Derivatives

Derivatives are financial tools to manage risk in which the value of the derivative is derived from the value of an underlying asset.

There are several types of derivatives.

With a forward derivative, the parties enter in an advance agreement in which both agree to settlement and delivery at a later date. The party obligated to buy takes a long position and the party obligated to sell takes a short position.

A futures derivative is similar to a forward derivative except that a future derivative is more standardized and traded on an organized market. Additionally, margin requirements and periodic marking to the market are characteristic of a future derivative. With daily marking to the market, when the market value increases, the party holding the long position receives that value which is paid by the short party.

Swaps, such as a currency swap or interest rate swap, are agreements between two parties to exchange the cash flows of one security for the cash flows of another security from time to time. The currency swap, which originated from the concept of house swapping, provides for the use of another currency without actually exchanging the currency across national borders. Interest rate swaps are more prevalent than currency swaps.

Options provide for the right to buy or sell at a specified future date. Call options are options to buy a security at a later date at the presently agreed upon price. Similarly, a put option is an option to sell a security at a later date at the presently agreed upon price. That agreed upon price is known as the exercise price or striking price for the contract. An option that can be immediately exercised profitably is called "in-the-money." Conversely options that cannot be exercised profitably are out-of-the-money. The rare instance when the market price of an asset exactly equals the exercise price is said to be at-the-money.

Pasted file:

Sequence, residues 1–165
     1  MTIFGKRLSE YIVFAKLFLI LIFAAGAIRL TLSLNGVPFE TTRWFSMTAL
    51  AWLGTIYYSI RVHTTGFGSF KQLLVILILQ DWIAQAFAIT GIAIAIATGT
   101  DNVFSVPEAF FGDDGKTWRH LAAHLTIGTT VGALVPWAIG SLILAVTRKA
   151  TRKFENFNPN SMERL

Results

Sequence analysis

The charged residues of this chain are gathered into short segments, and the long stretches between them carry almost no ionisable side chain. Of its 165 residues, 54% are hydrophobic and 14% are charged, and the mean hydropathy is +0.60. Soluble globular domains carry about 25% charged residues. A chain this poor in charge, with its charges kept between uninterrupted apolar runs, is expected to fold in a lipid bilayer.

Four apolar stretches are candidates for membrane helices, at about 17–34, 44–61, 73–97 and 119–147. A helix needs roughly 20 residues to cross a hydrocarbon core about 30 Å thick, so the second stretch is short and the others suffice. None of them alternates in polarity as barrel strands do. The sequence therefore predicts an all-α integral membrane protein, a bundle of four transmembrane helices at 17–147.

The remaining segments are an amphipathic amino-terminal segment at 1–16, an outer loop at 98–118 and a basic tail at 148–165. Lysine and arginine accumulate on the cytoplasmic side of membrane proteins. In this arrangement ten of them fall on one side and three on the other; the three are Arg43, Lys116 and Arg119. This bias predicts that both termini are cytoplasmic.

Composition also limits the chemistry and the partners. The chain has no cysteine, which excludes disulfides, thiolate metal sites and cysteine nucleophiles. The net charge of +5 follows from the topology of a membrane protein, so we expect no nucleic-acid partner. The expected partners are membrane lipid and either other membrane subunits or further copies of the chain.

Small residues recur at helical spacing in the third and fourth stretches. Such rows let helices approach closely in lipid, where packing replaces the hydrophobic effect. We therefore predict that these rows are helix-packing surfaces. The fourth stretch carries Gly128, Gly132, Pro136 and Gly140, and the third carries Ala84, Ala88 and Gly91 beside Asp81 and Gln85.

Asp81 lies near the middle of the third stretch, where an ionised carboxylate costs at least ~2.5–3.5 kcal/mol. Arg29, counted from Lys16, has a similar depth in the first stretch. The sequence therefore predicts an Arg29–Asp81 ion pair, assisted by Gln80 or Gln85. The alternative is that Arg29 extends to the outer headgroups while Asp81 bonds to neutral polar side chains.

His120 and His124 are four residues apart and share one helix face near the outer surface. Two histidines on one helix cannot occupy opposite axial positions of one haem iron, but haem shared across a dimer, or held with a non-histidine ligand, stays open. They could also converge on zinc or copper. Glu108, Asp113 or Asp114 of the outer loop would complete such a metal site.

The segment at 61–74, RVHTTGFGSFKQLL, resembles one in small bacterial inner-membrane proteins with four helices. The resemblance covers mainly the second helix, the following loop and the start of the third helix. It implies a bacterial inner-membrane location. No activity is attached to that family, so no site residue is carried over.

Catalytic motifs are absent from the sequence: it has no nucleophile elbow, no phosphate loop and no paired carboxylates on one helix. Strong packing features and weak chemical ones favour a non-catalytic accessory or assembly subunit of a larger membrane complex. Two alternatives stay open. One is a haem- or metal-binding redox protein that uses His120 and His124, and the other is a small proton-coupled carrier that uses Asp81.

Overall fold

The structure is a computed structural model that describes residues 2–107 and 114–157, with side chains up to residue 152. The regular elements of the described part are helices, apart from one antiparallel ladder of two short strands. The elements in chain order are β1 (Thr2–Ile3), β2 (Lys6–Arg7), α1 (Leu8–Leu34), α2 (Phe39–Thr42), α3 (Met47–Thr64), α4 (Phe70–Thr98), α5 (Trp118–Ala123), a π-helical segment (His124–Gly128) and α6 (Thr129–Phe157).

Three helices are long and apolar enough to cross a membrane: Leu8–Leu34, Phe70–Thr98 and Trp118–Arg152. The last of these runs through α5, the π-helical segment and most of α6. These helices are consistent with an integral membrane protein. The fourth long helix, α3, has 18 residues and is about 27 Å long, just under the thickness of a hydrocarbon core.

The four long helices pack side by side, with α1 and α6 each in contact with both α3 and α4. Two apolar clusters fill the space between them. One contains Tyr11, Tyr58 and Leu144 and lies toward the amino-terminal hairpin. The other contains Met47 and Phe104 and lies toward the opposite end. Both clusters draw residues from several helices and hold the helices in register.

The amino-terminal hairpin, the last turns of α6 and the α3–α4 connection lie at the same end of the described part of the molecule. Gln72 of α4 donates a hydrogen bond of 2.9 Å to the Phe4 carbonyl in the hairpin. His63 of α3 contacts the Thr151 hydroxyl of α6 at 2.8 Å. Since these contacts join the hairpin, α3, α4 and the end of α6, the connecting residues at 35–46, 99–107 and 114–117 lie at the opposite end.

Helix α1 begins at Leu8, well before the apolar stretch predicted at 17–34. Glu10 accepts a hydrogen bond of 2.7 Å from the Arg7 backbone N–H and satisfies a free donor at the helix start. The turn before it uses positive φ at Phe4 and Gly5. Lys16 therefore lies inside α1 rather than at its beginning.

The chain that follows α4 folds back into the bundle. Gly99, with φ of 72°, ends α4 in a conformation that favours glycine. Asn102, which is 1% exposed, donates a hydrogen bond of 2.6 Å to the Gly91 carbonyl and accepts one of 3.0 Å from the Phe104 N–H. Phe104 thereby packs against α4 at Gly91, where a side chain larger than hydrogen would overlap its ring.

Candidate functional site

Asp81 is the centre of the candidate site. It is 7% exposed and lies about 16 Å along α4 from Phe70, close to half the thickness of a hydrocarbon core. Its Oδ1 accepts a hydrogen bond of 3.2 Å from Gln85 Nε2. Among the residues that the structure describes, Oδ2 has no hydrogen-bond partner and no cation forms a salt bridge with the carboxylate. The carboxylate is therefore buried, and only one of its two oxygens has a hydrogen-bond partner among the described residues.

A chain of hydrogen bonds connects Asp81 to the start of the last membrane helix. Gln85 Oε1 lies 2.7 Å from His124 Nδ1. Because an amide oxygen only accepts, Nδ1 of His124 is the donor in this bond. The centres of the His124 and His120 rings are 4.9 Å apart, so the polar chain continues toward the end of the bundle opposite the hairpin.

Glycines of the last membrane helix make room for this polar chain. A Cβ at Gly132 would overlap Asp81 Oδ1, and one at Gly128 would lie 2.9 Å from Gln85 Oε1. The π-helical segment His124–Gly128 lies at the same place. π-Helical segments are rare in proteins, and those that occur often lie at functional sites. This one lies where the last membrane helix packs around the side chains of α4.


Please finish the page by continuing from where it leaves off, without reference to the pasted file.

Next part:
Put options can be combined with long positions in the underlying asset to synthesize calls and calls can be combined with short positions in the underlying asset to synthesize puts. The popular practice of buying cheap puts, combining them with long positions in the stock and selling calls profitably is known as conversion.
Warrants, which provide for earning additional revenue from shares and provide protection for the value of the asset, are oftentimes given to company executives in the form of compensation or employee stock options.

When pricing derivatives, we assume that it is always possible to develop perfect tracking portfolios and there are no opportunities for arbitrage.

Dilution resulting from warrent exercise
The warrant dilution effect deals with what happens to the underlying company when a warrant is exercised. Warrants are issued by the company. Call options are issued by people who already own (usually) previousl issued shares in the company. So when warrants are exercised more shares are issued. When calls are exercised existing shares simply transfer from one stockholder to another. Both warrants and calls are exercised when the exercise price is below the stock's market price. Otherwise it is pointless to exercise them. When a call is exercised there is no effect on the number of shares outstanding. Al that changes is who owns them. When a warrant is exercised new shares are purchased from the company at a price that is below the market price. The dilution effect is that these new lower price shares have all the same rights as pre-existing shares. So on average the shares are reduced in average cost. The people who are negatively affected by dilution are pre-existing shareholders. The difference is often modest and can then be ignored.

Sample derivative problems